American Graffiti exists not so much in its individual stories as in its orchestration of many stories, its sense of time and place. Although it is full of the material of fashionable nostalgia, it never exploits nostalgia. In its feeling for movement and music and the vitality of the night—and even in its vision in white—it is oddly closer to some early Fellini than to the recent American past of, say, The Last Picture Show or Summer of '42.
On the surface, Lucas has made a film that seems almost artless; his teenagers cruise Main Street and stop at Mel’s Drive-In and listen to Wolfman Jack on the radio and neck and lay rubber and almost convince themselves their moment will last forever. But the film’s buried structure shows an innocence in the process of being lost, and as its symbol Lucas provides the elusive blonde in the white Thunderbird -- the vision of beauty always glimpsed at the next intersection, the end of the next street.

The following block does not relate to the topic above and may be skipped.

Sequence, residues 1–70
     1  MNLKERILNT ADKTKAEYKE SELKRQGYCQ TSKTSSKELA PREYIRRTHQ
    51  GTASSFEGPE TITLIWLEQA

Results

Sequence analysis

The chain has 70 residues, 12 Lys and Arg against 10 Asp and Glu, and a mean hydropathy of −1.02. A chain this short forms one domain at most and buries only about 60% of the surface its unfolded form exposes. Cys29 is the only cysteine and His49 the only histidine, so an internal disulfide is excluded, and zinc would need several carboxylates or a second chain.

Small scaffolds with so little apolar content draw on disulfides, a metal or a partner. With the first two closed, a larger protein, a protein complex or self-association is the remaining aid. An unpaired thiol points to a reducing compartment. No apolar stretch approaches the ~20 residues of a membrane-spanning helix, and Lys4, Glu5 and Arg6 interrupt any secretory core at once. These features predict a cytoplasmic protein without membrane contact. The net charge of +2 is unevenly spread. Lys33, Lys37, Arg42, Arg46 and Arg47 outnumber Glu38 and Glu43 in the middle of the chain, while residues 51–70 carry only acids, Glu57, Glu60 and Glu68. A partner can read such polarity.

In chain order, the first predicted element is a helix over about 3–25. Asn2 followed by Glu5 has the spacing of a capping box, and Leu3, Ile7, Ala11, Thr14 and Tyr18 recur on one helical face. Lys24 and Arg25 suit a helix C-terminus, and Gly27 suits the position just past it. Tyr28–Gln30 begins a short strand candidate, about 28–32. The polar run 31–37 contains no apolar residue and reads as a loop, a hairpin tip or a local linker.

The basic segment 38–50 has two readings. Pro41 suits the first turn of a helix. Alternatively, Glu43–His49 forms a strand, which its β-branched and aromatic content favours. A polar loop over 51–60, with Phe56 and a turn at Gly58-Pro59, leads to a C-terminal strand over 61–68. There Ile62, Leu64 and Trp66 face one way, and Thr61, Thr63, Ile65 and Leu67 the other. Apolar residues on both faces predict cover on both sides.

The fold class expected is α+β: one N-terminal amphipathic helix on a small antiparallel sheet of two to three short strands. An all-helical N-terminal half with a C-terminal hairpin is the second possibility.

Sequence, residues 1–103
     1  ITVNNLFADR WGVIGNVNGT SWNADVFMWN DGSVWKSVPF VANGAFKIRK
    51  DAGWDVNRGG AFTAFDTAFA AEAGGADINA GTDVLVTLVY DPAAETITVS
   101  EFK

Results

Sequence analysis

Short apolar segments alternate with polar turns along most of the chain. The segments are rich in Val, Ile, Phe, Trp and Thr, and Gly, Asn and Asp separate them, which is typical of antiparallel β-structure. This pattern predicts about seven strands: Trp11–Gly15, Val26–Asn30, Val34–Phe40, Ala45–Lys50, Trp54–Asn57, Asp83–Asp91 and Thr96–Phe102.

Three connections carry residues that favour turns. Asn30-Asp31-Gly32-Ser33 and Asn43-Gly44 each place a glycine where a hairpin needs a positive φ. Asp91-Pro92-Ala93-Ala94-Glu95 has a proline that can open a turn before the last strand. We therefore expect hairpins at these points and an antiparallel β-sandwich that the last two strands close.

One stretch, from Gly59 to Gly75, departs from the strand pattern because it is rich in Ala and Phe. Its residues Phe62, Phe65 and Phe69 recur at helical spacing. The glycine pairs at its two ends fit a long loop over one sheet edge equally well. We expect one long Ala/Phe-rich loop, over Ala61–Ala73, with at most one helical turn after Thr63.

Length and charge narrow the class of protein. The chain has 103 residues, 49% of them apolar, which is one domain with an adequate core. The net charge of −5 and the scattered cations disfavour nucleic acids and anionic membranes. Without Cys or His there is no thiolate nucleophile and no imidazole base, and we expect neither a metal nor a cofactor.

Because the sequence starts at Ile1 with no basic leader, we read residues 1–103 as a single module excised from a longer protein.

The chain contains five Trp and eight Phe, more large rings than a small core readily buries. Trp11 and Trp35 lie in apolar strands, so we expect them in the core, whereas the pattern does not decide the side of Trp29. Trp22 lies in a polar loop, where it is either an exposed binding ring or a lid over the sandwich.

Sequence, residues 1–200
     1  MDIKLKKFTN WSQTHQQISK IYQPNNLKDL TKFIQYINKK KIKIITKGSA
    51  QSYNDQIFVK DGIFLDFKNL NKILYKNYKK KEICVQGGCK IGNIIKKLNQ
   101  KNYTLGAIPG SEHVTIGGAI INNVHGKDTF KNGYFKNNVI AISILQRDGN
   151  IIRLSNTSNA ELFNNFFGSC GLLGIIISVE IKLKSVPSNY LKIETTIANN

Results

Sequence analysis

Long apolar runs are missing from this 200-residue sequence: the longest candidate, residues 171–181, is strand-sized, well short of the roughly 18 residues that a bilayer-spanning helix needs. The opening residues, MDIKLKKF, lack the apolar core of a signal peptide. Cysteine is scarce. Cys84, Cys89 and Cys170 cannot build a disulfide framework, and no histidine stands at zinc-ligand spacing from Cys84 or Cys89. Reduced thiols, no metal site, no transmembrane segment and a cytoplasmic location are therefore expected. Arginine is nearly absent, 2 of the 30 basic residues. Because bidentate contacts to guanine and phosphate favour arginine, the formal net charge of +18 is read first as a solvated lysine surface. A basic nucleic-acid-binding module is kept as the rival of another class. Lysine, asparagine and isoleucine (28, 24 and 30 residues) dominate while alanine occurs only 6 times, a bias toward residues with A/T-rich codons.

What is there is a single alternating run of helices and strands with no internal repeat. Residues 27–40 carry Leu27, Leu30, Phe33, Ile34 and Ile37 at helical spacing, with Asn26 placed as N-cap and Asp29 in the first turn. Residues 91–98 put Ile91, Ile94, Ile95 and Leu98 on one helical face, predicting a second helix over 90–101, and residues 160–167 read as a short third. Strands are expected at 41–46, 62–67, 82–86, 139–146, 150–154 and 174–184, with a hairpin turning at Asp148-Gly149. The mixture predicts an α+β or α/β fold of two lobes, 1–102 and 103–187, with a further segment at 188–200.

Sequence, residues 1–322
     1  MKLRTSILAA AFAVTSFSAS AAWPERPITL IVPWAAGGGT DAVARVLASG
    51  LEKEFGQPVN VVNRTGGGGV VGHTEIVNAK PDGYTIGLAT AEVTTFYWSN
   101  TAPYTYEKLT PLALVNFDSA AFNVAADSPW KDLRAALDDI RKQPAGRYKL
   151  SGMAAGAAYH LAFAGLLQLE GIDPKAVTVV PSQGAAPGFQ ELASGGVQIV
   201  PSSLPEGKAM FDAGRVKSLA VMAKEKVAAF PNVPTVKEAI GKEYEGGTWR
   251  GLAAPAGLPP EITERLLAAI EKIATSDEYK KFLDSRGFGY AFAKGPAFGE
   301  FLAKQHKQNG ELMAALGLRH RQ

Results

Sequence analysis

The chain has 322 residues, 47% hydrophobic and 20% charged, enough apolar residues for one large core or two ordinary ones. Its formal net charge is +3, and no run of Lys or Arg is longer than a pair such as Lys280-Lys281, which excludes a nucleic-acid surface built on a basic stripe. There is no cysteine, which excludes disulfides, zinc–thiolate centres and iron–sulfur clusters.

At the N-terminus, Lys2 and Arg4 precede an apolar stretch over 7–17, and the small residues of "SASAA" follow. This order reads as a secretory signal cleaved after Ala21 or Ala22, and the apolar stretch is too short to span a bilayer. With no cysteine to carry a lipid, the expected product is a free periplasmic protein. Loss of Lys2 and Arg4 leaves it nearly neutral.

There's a sense of beauty and dread that's cleverly injected into George Lucas' American Graffiti, a tone poem and ode to the music, cars and culture of the early '60s. On one level, the film is a staggeringly thoughtful slice of Americana – one night in the eyes of several young teens looking for love, adventure and fun. But on another level, there's a genuine sense of apprehension. The world is quickly catching up to our heroes, and soon they'll be flung head-first into Vietnam, the hippie movement, and a social revolution
Lucas doesn't disappoint, for a guy who is famous for his location shots, he is just driving in one car, a good old car.